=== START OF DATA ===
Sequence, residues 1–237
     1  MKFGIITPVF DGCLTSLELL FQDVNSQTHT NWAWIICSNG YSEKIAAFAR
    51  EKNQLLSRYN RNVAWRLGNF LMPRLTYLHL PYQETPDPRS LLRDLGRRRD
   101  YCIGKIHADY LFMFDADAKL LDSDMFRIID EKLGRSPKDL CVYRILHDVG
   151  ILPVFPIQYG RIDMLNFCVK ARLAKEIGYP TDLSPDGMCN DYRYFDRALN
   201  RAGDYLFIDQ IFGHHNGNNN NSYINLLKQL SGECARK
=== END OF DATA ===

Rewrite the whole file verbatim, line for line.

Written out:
Sequence, residues 1–237
     1  MKFGIITPVF DGCLTSLELL FQDVNSQTHT NWAWIICSNG YSEKIAAFAR
    51  EKNQLLSRYN RNVAWRLGNF LMPRLTYLHL PYQETPDPRS LLRDLGRRRD
   101  YCIGKIHADY LFMFDADAKL LDSDMFRIID EKLGRSPKDL CVYRILHDVG
   151  ILPVFPIQYG RIDMLNFCVK ARLAKEIGYP TDLSPDGMCN DYRYFDRALN
   201  RAGDYLFIDQ IFGHHNGNNN NSYINLLKQL SGECARK